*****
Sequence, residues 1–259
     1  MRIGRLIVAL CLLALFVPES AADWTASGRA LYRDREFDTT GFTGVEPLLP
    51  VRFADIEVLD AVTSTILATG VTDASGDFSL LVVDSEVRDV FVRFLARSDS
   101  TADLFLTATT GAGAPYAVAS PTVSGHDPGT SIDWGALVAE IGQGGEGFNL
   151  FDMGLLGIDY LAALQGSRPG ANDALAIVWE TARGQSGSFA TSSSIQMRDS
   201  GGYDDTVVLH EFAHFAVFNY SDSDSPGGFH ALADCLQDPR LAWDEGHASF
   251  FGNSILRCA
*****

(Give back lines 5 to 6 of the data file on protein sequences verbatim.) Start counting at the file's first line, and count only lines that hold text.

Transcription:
   151  FDMGLLGIDY LAALQGSRPG ANDALAIVWE TARGQSGSFA TSSSIQMRDS
   201  GGYDDTVVLH EFAHFAVFNY SDSDSPGGFH ALADCLQDPR LAWDEGHASF